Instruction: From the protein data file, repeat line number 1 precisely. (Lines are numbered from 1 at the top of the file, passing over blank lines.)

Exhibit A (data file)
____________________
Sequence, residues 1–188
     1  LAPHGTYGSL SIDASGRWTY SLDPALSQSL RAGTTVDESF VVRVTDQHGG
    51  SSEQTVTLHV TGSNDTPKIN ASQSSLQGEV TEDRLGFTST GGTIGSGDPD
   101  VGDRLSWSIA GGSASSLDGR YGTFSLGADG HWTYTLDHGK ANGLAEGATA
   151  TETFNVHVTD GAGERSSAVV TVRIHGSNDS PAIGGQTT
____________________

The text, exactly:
Sequence, residues 1–188